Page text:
Hungary provides humanitarian aid to Armenia through the Hungary Helps – Magyarország segít program
In recent days, I have been discussing constantly with the representatives of the Armenian Apostolic Church about the situation in the area. Following the negotiations and at the request of the church, the Ministry of Foreign Affairs and Foreign Affairs through the Hungary Helps Program donated HUF million to the Armenian Red Cross to support their humanitarian programs. From the subsidy, the organization provides assistance to Armenian people, who are relocating from the Karabah region to Armenia due to the conflict that has been going on there for three decades.
As a result of the armed escalation of the recent weeks, and then a deadly industrial disaster in Stepanakert, tens of thousands of Armenian nationalities have left their homes and settled in Armenia, where their care is very challenging. The aim of the Hungarian aid is to contribute to the stability of the area by helping the civilian victims of the conflict and the fuel depot explosion. The position of Hungary and the Hungarian government regarding the Karabakh conflict is clear and clear: peace is the only sustainable solution in the region.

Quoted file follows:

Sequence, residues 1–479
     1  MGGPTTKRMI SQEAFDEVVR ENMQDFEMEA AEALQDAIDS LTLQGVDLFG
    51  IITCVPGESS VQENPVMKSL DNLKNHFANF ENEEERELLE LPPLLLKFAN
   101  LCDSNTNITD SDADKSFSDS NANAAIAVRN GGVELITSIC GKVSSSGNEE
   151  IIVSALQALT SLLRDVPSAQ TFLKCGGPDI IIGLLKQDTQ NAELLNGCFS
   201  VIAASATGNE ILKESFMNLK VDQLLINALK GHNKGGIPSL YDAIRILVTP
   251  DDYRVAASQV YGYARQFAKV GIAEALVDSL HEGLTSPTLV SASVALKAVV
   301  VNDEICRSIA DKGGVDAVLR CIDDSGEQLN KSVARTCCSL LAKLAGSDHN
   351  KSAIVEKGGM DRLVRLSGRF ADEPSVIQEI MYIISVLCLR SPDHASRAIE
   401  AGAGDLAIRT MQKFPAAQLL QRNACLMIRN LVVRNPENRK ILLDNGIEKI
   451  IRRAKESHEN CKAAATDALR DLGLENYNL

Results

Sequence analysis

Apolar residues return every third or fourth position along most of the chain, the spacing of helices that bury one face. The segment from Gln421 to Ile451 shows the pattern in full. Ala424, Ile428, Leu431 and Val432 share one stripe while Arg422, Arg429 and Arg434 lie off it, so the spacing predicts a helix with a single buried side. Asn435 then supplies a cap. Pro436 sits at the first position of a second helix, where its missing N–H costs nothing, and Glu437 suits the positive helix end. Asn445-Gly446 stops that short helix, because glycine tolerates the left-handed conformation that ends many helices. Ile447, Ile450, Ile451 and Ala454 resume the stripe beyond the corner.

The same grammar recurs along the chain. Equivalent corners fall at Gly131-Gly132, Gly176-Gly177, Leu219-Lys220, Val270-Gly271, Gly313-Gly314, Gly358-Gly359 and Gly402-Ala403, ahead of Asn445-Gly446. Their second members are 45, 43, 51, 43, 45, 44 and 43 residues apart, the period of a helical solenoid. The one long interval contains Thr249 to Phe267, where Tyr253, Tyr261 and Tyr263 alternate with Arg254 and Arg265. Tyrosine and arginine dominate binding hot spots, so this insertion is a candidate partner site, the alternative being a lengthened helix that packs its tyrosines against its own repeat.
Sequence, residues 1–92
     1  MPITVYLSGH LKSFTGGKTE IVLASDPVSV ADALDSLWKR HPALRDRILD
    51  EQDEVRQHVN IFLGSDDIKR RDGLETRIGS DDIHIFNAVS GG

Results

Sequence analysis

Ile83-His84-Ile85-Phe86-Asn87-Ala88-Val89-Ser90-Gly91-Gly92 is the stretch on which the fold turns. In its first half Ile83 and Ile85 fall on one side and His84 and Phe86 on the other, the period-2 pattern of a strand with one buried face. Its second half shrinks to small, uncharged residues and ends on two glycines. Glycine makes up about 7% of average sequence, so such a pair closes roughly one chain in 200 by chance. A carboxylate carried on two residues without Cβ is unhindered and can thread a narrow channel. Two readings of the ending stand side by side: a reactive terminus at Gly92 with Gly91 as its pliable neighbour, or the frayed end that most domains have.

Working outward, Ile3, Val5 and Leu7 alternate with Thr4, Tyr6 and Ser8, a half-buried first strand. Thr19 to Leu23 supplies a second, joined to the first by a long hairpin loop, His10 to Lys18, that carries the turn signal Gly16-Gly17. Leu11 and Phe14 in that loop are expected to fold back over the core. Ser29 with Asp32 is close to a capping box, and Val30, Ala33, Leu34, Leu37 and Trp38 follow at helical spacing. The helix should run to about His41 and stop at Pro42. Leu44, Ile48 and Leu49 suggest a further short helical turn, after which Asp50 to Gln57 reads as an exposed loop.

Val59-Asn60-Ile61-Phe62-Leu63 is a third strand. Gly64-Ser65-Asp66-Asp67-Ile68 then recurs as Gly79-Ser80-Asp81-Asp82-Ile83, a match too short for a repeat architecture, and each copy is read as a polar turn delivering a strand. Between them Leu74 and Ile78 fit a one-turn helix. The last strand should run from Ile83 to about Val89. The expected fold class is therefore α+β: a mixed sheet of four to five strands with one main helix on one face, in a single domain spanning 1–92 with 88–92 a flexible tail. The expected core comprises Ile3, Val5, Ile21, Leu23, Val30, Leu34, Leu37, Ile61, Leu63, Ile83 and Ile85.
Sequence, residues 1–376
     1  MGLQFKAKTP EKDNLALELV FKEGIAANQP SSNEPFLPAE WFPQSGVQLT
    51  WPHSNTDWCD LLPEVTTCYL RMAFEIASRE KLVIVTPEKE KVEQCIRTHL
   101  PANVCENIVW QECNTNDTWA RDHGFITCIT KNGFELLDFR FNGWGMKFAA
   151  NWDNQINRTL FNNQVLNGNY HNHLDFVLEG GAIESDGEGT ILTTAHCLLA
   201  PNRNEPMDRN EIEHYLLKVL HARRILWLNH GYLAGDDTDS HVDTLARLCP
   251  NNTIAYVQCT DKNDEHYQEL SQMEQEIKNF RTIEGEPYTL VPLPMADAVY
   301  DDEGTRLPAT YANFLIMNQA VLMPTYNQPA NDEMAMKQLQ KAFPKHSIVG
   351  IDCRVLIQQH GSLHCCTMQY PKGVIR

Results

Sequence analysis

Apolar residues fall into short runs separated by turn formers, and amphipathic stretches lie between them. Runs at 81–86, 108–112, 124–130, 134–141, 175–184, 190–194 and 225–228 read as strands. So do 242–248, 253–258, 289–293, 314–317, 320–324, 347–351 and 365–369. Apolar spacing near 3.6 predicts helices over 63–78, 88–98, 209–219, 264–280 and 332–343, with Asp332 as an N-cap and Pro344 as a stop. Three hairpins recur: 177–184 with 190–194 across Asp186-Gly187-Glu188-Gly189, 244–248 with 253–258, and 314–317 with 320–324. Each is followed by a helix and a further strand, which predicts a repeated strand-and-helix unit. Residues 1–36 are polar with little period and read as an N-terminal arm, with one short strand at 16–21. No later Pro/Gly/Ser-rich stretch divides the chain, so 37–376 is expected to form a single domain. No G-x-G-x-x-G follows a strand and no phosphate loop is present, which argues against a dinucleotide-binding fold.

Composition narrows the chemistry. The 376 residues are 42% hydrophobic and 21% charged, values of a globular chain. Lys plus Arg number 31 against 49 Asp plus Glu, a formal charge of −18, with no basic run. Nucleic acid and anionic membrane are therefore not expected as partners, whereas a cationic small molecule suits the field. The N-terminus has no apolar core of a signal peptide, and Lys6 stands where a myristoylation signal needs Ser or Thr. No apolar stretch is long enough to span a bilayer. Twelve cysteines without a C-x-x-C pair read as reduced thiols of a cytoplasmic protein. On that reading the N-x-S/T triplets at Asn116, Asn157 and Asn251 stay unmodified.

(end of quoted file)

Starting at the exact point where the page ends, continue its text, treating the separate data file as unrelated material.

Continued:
The Hungary Helps Program has been involved in the support of several Armenian communities in recent years. In Armenia, we supported church humanitarian programs, and in the Middle East, we helped Armenian Christian communities affected by the Syrian and Iraq wars and the economic crisis in Lebanon. These grants contributed to the restarting of Hungary and Armenia’s diplomatic relations in 2022.
Hungary is helping. With a sound mind and a clear heart.
Tens of thousands of Christian inhabitants of Arcah Armenia leave their homes behind and flee the Azerbaijan atrocities awaiting them to Armenia. Their supply and accommodation presents a serious challenge that needs all the help we can get. Thank you for the Hungary Helps-Hungary Helps program was the first aid sent to the Armenian Red Cross organization, which helps the needy.
The article was written by Lala Hayrapetyan and Tatevik Muradyan (2022-1-HU01-ESC51-VTJ-000080624)